Algorithmic Bias and Fairness: Crash Course AI #18

Hi, I’m Jabril and welcome back to
CrashCourse AI. Algorithms are just math and code, but algorithms
are created by people and use our data, so biases that exist in the real world are mimicked
or even exaggerated by AI systems. This idea is called algorithmic bias. Bias isn’t inherently a terrible thing. Our brains try to take shortcuts by finding
patterns in data. So if you’ve only seen small, tiny dogs,
you might see a Great Dane and be like “Whoa that dog is unnatural” This doesn’t become a problem unless we
don’t acknowledge exceptions to patterns or unless we start treating certain groups
of people unfairly. As a society, we have laws to prevent discrimination
based on certain “protected classes” (like gender, race, or age) for things like employment
or housing. So it’s important to be aware of the difference
between bias, which we all have, and discrimination, which we can prevent. And knowing about algorithmic bias can help
us steer clear of a future where AI are used in harmful, discriminatory ways. INTRO There are at least 5 types of algorithmic
bias we should pay attention to. First, training data can reflect hidden biases
in society. For example, if an AI was trained on recent
news articles or books, the word “nurse” is more likely to refer to a “woman,”
while the word “programmer” is more likely to refer to a “man.” And you can see this happening with a Google
image search: “nurse” shows mostly women, while “programmer” mostly shows mostly
men. We can see how hidden biases in the data gets
embedded in search engine AI. Of course, we know there are male nurses and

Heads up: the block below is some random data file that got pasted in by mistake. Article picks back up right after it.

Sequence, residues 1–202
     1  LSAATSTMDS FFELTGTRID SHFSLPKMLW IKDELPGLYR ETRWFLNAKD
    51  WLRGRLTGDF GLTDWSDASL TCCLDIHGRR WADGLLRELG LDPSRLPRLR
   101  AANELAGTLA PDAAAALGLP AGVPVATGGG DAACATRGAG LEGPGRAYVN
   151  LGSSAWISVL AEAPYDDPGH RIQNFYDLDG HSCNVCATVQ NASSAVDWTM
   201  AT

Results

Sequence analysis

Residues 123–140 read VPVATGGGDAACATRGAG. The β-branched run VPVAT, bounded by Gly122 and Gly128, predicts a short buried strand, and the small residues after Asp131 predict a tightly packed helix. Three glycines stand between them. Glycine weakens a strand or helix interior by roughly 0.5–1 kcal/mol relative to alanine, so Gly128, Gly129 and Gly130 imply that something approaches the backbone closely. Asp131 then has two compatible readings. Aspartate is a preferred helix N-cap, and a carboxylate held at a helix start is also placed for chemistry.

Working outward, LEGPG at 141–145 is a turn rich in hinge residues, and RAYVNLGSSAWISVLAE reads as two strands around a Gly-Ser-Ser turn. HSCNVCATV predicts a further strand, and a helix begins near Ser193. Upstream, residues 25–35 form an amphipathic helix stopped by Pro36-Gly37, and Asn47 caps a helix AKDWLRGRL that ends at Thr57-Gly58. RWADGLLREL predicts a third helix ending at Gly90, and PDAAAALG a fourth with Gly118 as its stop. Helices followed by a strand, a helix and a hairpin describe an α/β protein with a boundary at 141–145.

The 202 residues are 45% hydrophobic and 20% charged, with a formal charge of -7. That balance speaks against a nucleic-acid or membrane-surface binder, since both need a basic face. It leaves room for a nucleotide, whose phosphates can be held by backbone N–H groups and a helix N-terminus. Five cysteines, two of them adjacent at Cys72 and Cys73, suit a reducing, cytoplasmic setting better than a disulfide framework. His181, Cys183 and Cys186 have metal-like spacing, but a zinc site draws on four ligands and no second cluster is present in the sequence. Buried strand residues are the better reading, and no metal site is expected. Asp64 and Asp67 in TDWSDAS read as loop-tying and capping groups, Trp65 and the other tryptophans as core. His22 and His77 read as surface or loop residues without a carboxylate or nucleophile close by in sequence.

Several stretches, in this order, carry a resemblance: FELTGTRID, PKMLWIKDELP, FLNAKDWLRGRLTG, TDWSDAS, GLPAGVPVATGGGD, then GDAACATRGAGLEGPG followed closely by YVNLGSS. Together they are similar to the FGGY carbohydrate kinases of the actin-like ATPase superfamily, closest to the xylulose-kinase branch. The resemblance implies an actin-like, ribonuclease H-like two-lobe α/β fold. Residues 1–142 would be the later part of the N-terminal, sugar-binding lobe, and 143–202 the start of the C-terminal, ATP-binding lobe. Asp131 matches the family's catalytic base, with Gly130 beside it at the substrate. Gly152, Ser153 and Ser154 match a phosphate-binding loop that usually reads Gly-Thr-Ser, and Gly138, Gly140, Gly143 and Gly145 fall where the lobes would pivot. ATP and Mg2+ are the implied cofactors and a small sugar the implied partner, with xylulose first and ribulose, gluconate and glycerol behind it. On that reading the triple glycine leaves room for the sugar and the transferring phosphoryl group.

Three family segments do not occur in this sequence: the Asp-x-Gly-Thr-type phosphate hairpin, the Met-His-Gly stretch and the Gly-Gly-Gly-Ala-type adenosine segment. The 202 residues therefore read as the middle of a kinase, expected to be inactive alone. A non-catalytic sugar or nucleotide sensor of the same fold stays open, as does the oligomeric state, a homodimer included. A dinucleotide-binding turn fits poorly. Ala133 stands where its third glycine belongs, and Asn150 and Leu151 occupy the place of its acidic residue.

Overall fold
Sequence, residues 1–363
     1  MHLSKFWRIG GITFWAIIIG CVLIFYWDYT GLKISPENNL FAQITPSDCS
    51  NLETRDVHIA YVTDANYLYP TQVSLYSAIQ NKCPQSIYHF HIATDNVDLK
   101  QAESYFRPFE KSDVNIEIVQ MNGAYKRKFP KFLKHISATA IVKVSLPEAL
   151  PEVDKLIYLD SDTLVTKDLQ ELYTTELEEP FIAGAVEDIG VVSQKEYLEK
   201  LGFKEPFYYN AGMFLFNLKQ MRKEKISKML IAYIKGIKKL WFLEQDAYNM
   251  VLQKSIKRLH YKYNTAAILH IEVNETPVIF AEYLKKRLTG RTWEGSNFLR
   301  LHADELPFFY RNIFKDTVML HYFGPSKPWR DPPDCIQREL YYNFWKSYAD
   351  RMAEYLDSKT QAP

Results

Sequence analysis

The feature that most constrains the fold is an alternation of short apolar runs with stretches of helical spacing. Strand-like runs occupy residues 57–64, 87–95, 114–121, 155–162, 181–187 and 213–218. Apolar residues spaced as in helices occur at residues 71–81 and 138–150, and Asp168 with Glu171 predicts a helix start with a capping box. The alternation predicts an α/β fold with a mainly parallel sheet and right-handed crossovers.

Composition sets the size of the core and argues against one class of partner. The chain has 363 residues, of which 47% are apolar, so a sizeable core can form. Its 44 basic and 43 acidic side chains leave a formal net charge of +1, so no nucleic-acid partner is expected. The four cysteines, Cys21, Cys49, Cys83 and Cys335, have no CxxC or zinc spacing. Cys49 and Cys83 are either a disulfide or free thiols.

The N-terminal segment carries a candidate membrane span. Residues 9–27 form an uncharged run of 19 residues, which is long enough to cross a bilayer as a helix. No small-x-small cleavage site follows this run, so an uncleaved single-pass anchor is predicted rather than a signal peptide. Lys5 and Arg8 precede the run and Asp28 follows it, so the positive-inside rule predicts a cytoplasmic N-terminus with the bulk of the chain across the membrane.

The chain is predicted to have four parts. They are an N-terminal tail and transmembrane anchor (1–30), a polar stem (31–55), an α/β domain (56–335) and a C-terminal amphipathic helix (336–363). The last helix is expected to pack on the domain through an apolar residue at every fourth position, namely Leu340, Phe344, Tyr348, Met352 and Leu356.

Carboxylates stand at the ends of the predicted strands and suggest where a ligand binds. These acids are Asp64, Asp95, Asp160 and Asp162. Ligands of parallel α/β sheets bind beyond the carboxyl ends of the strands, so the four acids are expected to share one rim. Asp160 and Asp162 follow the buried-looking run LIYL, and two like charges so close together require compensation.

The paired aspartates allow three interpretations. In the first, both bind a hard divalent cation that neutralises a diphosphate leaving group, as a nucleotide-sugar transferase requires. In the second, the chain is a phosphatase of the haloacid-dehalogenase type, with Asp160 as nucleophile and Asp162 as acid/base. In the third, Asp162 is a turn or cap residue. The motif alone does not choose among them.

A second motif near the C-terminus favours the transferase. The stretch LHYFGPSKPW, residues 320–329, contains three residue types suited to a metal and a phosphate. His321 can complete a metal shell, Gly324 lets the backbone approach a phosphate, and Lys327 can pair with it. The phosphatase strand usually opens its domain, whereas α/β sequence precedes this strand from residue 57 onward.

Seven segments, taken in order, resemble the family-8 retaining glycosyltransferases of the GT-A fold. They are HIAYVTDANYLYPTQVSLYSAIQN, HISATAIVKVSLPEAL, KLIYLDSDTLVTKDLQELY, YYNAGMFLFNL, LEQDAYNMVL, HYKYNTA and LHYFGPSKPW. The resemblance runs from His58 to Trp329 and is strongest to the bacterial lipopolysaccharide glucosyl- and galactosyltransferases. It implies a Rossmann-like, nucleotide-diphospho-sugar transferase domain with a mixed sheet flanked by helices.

female programmers and non-binary people doing both of these jobs! For example, an image search for “programmer
1960” shows a LOT more women. But AI algorithms aren’t very good at recognizing
cultural biases that might change over time, and they could even be spreading hidden biases
to more human brains. t’s also tempting to think that if we just
don’t collect or use training data that categorizes protected classes like race or
gender, then our algorithms can’t possibly discriminate. But, protected classes may emerge as correlated
features, which are features that aren’t explicitly in data but may be unintentionally
correlated to a specific prediction. For example, because many places in the US
are still extremely segregated, zip code can be strongly correlated to race. A record of purchases can be strongly correlated
to gender. And a controversial 2017 paper showed that
sexual orientation is strongly correlated with characteristics of a social media profile
photo. Second, the training data may not have enough
examples of each class, which can affect the accuracy of predictions. For example, many facial recognition AI algorithms
are trained on data that includes way more examples of white peoples’ faces than other
races. One story that made the news a few years ago
is a passport photo checker with an AI system to warn if the person in the photo had blinked. But the system had a lot of trouble with photos
of people of Asian descent. Being asked to take a photo again and again
would be really frustrating if you’re just trying to renew your passport, which is already
sort of a pain! Or, let’s say, you got a cool gig programming
a drone for IBM… but it has trouble recognizing your face because your skin’s too dark…
for example. Third, it’s hard to quantify certain features
in training data. There are lots of things that are tough to
describe with numbers. Like can you really rate a sibling relationship
with a number? It’s complicated! You love them, but you hate how messy they
are, but you like cooking together, but you hate how your parents compare you… It’s so hard to quantify all that! In many cases, we try to build AI to evaluate